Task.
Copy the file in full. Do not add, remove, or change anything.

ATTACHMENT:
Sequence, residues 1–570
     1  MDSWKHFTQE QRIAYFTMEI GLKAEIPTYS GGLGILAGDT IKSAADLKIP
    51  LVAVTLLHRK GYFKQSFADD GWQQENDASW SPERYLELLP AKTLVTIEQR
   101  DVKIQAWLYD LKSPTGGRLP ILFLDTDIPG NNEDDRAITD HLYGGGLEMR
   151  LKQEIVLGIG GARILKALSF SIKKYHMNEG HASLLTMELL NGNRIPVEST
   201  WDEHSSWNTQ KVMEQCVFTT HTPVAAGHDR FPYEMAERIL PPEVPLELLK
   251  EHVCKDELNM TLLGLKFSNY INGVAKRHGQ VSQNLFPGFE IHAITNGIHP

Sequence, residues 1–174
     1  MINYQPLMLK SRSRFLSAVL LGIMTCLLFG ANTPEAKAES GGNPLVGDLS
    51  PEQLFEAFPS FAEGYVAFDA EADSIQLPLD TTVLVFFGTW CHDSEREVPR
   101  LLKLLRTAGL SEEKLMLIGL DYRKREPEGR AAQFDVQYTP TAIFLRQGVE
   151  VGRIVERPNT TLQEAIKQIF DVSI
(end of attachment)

Sequence, residues 1–570
     1  MDSWKHFTQE QRIAYFTMEI GLKAEIPTYS GGLGILAGDT IKSAADLKIP
    51  LVAVTLLHRK GYFKQSFADD GWQQENDASW SPERYLELLP AKTLVTIEQR
   101  DVKIQAWLYD LKSPTGGRLP ILFLDTDIPG NNEDDRAITD HLYGGGLEMR
   151  LKQEIVLGIG GARILKALSF SIKKYHMNEG HASLLTMELL NGNRIPVEST
   201  WDEHSSWNTQ KVMEQCVFTT HTPVAAGHDR FPYEMAERIL PPEVPLELLK
   251  EHVCKDELNM TLLGLKFSNY INGVAKRHGQ VSQNLFPGFE IHAITNGIHP

Sequence, residues 1–174
     1  MINYQPLMLK SRSRFLSAVL LGIMTCLLFG ANTPEAKAES GGNPLVGDLS
    51  PEQLFEAFPS FAEGYVAFDA EADSIQLPLD TTVLVFFGTW CHDSEREVPR
   101  LLKLLRTAGL SEEKLMLIGL DYRKREPEGR AAQFDVQYTP TAIFLRQGVE
   151  VGRIVERPNT TLQEAIKQIF DVSI